So if we accept this, how could one be aware of the ending of defilements in that state?
I understand the “And…” to take place after the state of saññāvedayitanirodha has ceased. If we accept it in this way, no further speculations are needed.
State of saññāvedayitanirodha → ceases, with return of consciousness → consciousness-pañña, knowing the defilements have ended, for example.
Otherwise, we have the contradiction of saññāvedayitanirodha, empty of consciousness, somehow at the same time being conscious of the ending of defilements.
Not sure how that works…
Regarding this, there is another problem: if the saññāvedayitanirodha is the non-occurrence of citta and cetasikas, how can the mental stream be restored after its temporary interruption? Bronkhorst formulates the problem in these terms:
Mental dharmas normally succeed each other in a continuous sequence, the current mental dharma acting as the primary cause for the next one. After an interruption like the attainment of cessation, there are no mental dharmas that could produce succeeding ones. Nevertheless, the ancient discourses proclaim that it is possible to return from the attainment of cessation.
Kind of “proves” the point. The EBTs indicate that only arahants and anagāmis can attain that state of saññāvedayitanirodha, and in the latter, there are still some kammic inclinations which are dormant but not yet extinguished.
In either case, the assertion in the suttas is that it does happen – possibly because the āyusankhāra, the vital life principle, is still present along with the khandhas which remain during the physical iife of the arahant. However, after this state, there appears to be clear knowledge of the ultimate cessation of all that.
This appears to be a more Abhidhammic kind of analysis, especially as “cause” can be problematic when taken too literally. Everything arises due to innumerable combinations of conditions, so where to pick something out and say “There, that’s the cause.”? But this is another topic.
Personally, I don’t spend too much time pondering these particular kinds of details and prefer to practice as best as I can, knowing things will become clearer and more peaceful along the way.
Actually, this is a deduction of Buddhaghosa, in his Visuddhimagga, starting from a passage of the Paṭisambhidāmagga (I 97). However, this interpretation,that limits the possibility of accessing saññāvedayitanirodha to anāgāmis and arahants, does not have a clear and explicit base in the suttas.
Anyway, I too think that, according to suttas’ terminology, the return from the saññāvedayitanirodha is possible due to the factors āyu and usmā, that to say, life force and heat, even if according to a process that was not analyzed in the Pāli Canon, as far as I know.
Very interesting discussion, and also a topic in which I have an interest.
Might I suggest a few article which give some additional food for thought? (Or, alternatively, perhaps just confuse the issue further.)
In answer to the OP, this is a recent publication by Grzegorz Polak where he argues for precisely that point. I have the article itself, but, for obvious reasons, I am not able to upload it here. However, I think there are ways to get access to it if one is determined.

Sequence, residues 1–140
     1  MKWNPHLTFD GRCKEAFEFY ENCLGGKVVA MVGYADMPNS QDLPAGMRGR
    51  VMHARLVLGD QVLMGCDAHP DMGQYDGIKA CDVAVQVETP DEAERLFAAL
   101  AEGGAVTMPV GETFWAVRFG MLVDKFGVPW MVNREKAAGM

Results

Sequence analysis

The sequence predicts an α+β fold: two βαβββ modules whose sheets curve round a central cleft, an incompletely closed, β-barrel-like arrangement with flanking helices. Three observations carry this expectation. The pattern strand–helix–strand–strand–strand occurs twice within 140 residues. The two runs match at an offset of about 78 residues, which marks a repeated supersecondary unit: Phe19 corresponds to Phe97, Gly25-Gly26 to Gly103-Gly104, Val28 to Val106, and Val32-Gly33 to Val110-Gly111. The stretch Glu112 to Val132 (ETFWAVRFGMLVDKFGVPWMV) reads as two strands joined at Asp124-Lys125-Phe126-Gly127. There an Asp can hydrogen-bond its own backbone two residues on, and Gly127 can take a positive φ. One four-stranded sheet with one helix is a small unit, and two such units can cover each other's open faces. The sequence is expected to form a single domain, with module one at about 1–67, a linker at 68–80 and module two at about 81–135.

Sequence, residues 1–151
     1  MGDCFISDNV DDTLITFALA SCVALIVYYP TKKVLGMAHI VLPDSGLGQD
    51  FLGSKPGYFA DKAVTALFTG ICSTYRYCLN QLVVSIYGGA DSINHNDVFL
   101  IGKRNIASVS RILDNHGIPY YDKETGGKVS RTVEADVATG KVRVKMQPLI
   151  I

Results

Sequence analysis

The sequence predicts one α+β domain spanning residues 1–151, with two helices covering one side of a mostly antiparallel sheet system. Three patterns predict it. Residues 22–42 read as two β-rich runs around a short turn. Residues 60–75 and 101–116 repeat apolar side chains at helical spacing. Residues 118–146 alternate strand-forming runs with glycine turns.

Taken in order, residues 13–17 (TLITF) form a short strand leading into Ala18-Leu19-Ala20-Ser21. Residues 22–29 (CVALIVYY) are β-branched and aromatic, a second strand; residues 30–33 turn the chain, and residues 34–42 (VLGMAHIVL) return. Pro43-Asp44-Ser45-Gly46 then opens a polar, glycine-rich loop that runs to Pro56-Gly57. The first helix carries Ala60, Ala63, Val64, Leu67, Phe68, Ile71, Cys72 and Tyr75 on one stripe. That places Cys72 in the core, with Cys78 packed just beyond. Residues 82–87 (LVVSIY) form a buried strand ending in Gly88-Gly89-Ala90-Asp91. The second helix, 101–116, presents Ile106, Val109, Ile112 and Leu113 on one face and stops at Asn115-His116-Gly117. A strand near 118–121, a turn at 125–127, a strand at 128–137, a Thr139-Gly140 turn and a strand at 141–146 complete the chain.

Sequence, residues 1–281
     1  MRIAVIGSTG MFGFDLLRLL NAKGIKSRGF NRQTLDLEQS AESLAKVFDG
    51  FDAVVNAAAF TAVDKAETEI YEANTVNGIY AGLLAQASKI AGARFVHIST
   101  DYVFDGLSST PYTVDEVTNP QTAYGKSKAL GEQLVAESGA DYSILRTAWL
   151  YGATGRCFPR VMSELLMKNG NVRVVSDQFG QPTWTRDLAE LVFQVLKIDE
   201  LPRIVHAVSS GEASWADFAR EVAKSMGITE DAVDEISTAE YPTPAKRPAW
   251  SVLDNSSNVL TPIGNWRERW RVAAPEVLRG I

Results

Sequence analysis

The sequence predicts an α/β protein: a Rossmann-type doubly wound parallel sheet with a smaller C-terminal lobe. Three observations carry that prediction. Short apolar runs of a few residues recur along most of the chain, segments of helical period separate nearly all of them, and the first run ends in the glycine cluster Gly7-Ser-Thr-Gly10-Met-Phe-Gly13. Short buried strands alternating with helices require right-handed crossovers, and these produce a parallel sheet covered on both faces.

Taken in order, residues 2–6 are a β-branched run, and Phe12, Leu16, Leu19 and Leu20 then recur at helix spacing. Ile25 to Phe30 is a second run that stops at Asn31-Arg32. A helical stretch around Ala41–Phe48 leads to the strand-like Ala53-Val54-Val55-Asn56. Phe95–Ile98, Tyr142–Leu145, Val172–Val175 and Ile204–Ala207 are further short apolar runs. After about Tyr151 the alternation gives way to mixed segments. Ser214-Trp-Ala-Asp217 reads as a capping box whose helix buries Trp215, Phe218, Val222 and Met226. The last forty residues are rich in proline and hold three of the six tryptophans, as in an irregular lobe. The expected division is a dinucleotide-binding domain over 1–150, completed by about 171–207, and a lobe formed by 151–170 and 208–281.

In response to the comment that
I would recommend this monograph By Daniel M. Stuart where he proposes a possible link between the philosophical and the meditative uses of the concept of nirodha in early Buddhism. (A similar idea was argued quite convincingly, in my opinion, by Eviatar Shulman in his 2014 Rethinking the Buddha, though in reference to the 4NT as opposed to nirodha. Again, I can’t provide a pdf here, but it’s out there for the diligent.) The point about the intersection of philosophy and meditation consists only of a few passing remarks; however, the bulk of the paper consists of Stuart demonstrating that the meditative attainment we currently associate with saññāvedayitanirodha was not something so well pinned down in the early period, and the way he presents it seems to leave room for the possibility of cognition within that state.
Thanks for sharing. Regarding Shulman, if I remember correctly, he proposed the possibility of a degree of awareness remaining in the saññāvedayitanirodha. However, if this attainment is by definition the cessation of perception and feeling, and so also consciousness, which depends on the other mental aggregates (see Pañcattaya-sutta), how can awareness still exists? And how is it possible to have insight or any other kind of knowledge in that state? Attempting to resolve this problem, Norman suggests that seeing with wisdom could take place after emerging from the saññāvedayitanirodha, not while one is in it. What do you think?
I think I would be better able to explain my views to you if you read the materials I uploaded first, at least Stuart’s, as it’s based on cross-referencing Pali, Chinese, and somewhat recent Gandhari texts.
Norman was obviously an erudite scholar of Pali, but not only was he limited to Pali Buddhism, he wasn’t very learned about Buddhist doctrine by his own admission. His views are necessarily mainstream because he has to take the traditional view on face value. Inconsistencies in the traditional view is what leaves you puzzled, no? (At least, they left me puzzled.) Alternative views might help, I thought. That’s what I uploaded and linked.
I don’t recall Shulman writing on saññāvedayitanirodha.